Tomorrow we talk to an old friend about a show in the gallery she runs in Jericho, Vermont. We’re ordering cards to mark titles and prices, completing the inventory, researching insurance, getting hanging systems on every piece, getting new quotes on framing, and other loose ends. There are still two places I am waiting to hear back from – the Old Red Mill in Jericho for their gift shop, and Stitched, a quilt store in Shelburne for teaching classes – and more on my list to touch base about show.
Slow and steady definitely pays off – that, and having an area receptive to new and original art work.
Lots of free motion quilting in my future. Finished another fmq sample for classes, and I have a cheater cloth I want to experiment with. It is good to be so busy! There is a list of projects, and it’s not too detailed. I think I am done with the long-term lists. I want things that are do-able, along with increasing the commissions. Hubby is busy marbling – this quick tray will be silk flowers and leaves for upcoming gift baskets. End of the week will be more fats and new sampler sizes – will be introducing the new sampler in February’s newsletter.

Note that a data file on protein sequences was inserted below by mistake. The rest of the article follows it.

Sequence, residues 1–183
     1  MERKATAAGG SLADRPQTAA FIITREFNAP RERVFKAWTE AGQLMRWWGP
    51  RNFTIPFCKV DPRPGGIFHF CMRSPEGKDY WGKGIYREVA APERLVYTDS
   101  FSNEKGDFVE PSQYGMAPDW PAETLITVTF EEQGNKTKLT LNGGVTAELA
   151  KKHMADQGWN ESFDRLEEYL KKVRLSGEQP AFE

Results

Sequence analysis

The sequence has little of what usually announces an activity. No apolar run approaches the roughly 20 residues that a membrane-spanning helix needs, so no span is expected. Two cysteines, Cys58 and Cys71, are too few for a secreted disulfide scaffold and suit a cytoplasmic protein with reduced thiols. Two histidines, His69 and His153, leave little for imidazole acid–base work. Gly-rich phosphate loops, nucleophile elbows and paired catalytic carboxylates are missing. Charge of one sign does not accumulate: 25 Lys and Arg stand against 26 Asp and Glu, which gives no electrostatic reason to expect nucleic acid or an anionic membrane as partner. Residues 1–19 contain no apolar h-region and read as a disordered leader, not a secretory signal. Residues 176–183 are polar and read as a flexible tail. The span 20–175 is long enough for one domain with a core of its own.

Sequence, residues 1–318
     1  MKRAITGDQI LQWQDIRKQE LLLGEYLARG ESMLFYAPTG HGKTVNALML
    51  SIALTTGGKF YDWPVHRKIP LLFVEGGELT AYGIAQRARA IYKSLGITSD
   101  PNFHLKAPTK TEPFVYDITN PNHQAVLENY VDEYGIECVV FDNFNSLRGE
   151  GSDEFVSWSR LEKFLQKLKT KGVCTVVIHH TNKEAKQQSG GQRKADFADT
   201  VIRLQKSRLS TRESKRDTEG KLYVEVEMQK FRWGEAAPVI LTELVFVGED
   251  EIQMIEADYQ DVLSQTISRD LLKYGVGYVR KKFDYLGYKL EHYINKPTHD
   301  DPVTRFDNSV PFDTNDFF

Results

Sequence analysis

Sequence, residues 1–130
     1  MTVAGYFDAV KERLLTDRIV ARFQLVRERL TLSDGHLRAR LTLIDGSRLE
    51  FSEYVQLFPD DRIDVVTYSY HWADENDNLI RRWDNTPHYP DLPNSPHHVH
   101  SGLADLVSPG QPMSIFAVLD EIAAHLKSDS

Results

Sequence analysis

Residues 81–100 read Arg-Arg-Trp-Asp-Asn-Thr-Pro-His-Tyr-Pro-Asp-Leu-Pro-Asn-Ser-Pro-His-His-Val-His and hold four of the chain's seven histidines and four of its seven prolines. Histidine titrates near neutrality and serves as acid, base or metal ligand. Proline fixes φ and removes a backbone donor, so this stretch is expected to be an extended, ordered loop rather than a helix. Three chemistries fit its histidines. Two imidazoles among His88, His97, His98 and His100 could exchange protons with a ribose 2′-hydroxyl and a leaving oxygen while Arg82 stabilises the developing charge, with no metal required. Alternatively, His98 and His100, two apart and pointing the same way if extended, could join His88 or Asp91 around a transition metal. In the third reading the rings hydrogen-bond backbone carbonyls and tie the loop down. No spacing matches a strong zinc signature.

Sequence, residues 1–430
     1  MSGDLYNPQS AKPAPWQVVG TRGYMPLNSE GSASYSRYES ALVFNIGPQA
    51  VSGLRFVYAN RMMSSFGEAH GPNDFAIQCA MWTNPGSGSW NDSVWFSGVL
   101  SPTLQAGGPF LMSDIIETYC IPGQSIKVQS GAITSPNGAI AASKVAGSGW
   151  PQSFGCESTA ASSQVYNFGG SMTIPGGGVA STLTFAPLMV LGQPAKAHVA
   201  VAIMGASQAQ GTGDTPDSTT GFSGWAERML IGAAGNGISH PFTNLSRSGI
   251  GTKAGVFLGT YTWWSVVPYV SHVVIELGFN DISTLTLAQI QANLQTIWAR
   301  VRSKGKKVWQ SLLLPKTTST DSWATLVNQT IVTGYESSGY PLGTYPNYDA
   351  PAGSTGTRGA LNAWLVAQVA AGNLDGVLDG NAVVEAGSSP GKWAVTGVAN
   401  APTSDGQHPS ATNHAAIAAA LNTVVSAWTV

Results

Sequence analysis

The days are broken up with reading, writing, hand-stitching, machine-stitching, designing, web work, yoga, and taking a couple of new classes from Coursera – on the Middle East (fascinating, will be good for research) and Big History -even more fascinating. I am also contemplating how I can do more writing to get people thinking about this coming election and preparing to vote.